Fresh milk loss sees Dairy Crest pursue brand strategy

- Last updated on GMT

Related tags: Dairy crest, Milk

Dairy Crest, the UK's biggest dairy company, reported a solid first
half trading performance this week, but conceded that its second
half results could be adversely affected following the loss of a
fresh milk supply contract to leading UK supermarket chain Tesco -
and that it would invest more time and effort on boosting brands,
writes Tom Armitage.

In a trading statement issued earlier this week, the company gave no concrete sales figures but claimed that first half growth had been in line with expectations across all its dairy categories.

But intensified competition and challenging market conditions in the desserts, yoghurt and fromage frais sectors have made it increasingly difficult for dairy producers to operate with a satisfactory trade margin, according to Dairy Crest, prompting a change in strategy for the group.

Earlier this year, the group announced the closure of its Yoplait Dairy Crest plant in Enfield, which produces fresh and cultured cream products including own label yoghurt and soft cheese, a move which will allow Dairy Crest to consolidate production of its strongest brands, which include Cathedral City cheddar cheese and the St. Ivel Gold and Country Life spreads.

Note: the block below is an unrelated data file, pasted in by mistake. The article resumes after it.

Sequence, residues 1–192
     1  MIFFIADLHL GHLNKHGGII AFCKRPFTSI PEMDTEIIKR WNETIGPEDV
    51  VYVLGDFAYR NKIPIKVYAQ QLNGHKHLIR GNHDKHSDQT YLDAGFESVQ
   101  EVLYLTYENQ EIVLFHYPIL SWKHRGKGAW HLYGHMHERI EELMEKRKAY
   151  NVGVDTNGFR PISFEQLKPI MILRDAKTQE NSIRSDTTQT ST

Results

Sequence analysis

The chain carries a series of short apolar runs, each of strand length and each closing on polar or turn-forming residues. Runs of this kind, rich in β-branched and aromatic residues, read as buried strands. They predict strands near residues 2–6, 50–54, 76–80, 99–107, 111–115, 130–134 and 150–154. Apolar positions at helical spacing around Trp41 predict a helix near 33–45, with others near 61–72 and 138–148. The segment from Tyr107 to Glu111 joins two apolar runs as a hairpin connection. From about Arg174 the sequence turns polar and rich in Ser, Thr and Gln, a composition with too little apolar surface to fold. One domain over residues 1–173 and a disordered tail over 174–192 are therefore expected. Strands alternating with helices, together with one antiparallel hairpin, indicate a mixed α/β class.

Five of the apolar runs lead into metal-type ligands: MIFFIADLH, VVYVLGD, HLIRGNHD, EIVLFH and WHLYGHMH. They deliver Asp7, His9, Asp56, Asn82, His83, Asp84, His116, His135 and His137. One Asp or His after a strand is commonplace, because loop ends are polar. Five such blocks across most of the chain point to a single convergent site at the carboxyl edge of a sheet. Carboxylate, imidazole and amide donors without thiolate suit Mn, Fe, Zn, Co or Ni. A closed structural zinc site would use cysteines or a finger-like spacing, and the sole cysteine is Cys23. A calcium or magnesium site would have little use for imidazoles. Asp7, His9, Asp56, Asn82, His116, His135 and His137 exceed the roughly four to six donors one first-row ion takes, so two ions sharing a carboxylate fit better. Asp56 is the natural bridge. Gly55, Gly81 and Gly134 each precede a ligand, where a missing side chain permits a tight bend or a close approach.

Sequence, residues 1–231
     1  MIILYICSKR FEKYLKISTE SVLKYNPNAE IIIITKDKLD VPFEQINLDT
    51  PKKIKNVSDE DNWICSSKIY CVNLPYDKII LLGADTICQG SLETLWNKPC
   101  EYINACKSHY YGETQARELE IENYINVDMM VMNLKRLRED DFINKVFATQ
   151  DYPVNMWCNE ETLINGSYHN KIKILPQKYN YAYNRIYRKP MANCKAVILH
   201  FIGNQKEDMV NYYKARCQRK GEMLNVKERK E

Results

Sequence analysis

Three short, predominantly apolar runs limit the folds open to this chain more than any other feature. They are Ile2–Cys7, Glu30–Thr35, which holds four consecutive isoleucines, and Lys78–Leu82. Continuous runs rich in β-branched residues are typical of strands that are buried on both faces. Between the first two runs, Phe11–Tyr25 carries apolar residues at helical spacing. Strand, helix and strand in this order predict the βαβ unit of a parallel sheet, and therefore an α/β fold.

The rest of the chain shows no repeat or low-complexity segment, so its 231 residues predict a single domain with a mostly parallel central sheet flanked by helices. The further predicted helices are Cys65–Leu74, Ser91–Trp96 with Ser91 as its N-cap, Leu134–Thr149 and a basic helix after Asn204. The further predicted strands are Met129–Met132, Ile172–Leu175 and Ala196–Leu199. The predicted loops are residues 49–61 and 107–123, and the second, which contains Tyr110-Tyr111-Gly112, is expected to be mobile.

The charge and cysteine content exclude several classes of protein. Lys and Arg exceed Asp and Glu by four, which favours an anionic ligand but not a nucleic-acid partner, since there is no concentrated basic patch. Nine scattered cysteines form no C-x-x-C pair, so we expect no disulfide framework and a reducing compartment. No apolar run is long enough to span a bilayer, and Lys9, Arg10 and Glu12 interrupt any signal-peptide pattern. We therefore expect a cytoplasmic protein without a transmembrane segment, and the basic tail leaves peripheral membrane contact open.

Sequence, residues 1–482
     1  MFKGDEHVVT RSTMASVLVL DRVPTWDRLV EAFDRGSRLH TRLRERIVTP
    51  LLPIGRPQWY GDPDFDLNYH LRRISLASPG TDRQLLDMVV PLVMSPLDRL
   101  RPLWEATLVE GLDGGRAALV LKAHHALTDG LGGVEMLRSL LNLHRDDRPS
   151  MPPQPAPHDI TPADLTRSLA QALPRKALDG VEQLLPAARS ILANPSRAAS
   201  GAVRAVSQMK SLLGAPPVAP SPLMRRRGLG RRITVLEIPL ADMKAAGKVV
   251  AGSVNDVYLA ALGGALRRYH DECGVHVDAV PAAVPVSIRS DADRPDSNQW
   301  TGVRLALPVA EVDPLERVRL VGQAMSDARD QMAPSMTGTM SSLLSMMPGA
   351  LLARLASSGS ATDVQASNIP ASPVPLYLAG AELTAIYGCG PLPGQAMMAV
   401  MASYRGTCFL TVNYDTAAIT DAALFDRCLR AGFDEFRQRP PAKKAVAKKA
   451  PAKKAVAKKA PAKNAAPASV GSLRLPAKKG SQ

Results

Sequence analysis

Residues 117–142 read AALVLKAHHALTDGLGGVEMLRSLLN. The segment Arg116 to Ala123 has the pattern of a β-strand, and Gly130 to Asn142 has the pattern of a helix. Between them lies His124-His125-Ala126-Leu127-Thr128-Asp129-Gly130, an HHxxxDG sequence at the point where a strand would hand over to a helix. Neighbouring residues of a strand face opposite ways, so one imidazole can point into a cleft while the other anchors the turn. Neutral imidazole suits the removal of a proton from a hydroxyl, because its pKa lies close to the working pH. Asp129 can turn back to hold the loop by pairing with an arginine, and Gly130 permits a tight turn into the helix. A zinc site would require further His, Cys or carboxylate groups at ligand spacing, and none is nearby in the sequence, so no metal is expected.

Early signs indicate that this strategy is already working well - the Dairy Crest yellow fat spread unit has performed particularly, and both St.Ivel Gold and Country Life are strong contenders for future growth.

In fact, such has been the success of the Country Life brand that Dairy Crest has also announced the acquisition of the outstanding 44 per cent stake in the English Butter Marketing Company - which owns Country Life - from its erstwhile partners, The Cheese Company and Associated Co-operative Creameries.

The first half also saw strong performances from the company's added value dairy products, such as Yoplait's Frubes, Wildlife and YOP, and it is these products - smaller in volume terms than cheese or butter, but with greater margin potential - which are likely to be prioritised in the rest of the year.

The loss of the Tesco milk supply contract - announced​ last month - will undoubtedly come as a blow to Dairy Crest, given that this deal alone accounted for £60 million of its annual revenues, and chief executive Drummond Hall said that the top priority of the second half would be "to address the ongoing profitability of the fresh milk business"​ - a clear indication that the company sees future potential in the branded business.

The most successful added-value dairy product companies in latter years have been those which have focused increasingly on marketing products - giants such as Nestlé and Danone, for example, have farmed out much of their production to other companies, preferring instead to invest in advertising.

With a rather more parochial reach than either of those two companies, Dairy Crest may not feel it has to go quite so far from its traditional milk processing roots, but with the future of its liquid milk business under serious threat, some change in priorities is all but inevitable.

Related topics: Manufacturers, Fresh Milk

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